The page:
New Crop of Foreclosures Is Coming

by 27 Jul 2012

(CNBC) -- While fewer Americans are falling behind on their mortgage payments, the huge backlog of already delinquent mortgages is finally making its way through the banking system to foreclosure.

Total foreclosure activity rose in the first half of this year from the previous six months, according to online foreclosure sale site RealtyTrac, driven by a jump in new foreclosure actions by lenders.

“Those foreclosure starts are welcome news for prospective buyers and real estate brokers in many local markets where a shortage of aggressively priced inventory has been holding up sales activity. Markets with increasing foreclosure starts will likely see more distressed inventory for sale in the form of short sales and bank-owned properties in the second half of the year,” said Brandon Moore, CEO of RealtyTrac.

More than half of the 212 metropolitan areas RealtyTrac surveys saw increases in foreclosure starts, and of the top ten foreclosure rates in the nation, five of them were in California. Stockton still holds the dubious distinction of the nation’s highest metro foreclosure rate, at more than three times the national average. Despite their high ranking, however, all of the California metros in the top ten actually saw decreasing foreclosure activity overall. In fact, Atlanta was the only metro area with a top ten foreclosure rate to see increasing foreclosure activity in the first half of this year.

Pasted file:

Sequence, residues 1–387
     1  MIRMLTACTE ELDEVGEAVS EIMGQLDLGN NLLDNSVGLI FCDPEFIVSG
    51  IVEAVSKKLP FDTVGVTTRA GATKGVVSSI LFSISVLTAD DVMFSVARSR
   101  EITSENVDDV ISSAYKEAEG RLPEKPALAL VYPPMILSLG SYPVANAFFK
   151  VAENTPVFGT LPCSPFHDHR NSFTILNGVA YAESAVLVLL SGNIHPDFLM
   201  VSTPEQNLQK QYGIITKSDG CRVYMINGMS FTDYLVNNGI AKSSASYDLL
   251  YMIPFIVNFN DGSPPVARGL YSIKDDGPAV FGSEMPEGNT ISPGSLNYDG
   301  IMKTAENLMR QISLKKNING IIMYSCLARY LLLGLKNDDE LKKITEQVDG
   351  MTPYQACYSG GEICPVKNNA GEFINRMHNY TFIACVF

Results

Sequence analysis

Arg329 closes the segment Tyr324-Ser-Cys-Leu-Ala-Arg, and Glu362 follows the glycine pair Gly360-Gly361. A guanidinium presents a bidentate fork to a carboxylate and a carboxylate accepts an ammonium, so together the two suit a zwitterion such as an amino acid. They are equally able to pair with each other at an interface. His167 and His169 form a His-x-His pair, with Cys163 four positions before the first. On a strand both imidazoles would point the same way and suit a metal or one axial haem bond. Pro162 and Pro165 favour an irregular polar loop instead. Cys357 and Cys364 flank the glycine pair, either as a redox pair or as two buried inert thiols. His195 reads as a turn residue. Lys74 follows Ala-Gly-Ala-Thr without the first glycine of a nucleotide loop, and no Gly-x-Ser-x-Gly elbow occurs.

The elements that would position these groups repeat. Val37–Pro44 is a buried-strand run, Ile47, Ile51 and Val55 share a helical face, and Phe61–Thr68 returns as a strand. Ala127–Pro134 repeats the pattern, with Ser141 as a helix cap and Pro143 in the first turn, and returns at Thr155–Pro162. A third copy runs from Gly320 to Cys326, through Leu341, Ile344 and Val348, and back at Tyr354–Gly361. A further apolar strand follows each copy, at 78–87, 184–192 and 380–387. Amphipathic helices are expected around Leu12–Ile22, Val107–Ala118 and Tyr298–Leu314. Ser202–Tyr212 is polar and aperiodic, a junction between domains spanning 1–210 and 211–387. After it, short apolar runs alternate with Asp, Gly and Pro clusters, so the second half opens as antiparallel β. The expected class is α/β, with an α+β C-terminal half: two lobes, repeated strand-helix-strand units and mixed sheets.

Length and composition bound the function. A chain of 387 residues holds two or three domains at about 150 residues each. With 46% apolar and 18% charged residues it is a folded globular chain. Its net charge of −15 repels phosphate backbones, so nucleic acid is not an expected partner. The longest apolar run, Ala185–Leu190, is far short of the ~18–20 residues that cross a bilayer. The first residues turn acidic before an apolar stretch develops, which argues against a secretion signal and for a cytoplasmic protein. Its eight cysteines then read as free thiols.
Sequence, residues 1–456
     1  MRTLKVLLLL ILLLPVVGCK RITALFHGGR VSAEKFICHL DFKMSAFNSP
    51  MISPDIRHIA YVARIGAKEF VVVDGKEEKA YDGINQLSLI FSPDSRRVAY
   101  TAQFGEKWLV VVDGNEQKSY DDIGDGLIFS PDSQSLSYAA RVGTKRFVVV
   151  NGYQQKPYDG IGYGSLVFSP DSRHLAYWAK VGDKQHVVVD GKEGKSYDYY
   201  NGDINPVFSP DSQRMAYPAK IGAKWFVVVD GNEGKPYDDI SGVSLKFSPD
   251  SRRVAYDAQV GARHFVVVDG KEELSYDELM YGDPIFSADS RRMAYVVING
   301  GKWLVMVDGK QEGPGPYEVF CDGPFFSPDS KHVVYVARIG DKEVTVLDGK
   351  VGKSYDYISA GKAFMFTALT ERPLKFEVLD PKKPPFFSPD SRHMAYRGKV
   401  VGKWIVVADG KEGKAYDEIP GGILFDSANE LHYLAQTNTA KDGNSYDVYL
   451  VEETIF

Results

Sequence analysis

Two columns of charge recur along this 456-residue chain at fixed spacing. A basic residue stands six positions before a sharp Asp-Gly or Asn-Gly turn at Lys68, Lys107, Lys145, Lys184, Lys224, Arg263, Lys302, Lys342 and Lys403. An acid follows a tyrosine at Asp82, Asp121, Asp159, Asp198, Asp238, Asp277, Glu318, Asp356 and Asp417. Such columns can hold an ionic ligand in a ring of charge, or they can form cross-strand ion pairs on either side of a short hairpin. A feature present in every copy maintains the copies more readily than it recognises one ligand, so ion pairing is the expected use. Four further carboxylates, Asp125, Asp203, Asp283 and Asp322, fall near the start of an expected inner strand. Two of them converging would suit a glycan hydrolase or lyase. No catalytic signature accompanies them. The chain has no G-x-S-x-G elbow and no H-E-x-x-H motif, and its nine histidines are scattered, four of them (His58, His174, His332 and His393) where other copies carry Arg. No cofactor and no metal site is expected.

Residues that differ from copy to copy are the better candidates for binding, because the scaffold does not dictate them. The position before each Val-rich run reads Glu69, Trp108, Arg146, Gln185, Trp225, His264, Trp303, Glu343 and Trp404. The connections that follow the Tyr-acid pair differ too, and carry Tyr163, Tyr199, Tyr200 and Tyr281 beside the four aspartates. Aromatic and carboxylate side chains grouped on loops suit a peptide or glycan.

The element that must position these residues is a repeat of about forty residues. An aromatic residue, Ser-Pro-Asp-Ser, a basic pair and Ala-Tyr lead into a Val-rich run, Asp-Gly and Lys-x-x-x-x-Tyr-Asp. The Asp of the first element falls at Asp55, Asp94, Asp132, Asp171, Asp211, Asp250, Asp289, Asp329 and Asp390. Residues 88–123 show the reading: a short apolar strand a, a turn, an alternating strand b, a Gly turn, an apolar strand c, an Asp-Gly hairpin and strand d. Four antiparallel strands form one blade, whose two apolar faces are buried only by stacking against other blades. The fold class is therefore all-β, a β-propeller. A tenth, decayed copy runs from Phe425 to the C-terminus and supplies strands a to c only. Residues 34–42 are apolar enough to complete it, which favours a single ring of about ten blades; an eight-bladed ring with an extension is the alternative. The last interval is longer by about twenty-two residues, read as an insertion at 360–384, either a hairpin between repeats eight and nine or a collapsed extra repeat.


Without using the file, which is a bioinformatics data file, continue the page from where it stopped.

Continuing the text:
Read full article from CNBC


  • by William Matz | 7/27/2012 12:57:26 PM

    There is the potential for a surge even in new starts due to ARM/mod increases, HELOCs going from interest-only to fully-amortized with short terms, the large number of new FHA mortgages that now have negative equity, continued high systemic unemployment, and theEuropean and Chinese economies slowing down. We are still in a very tenuous situation.


Is TILA-RESPA a good or bad thing long term?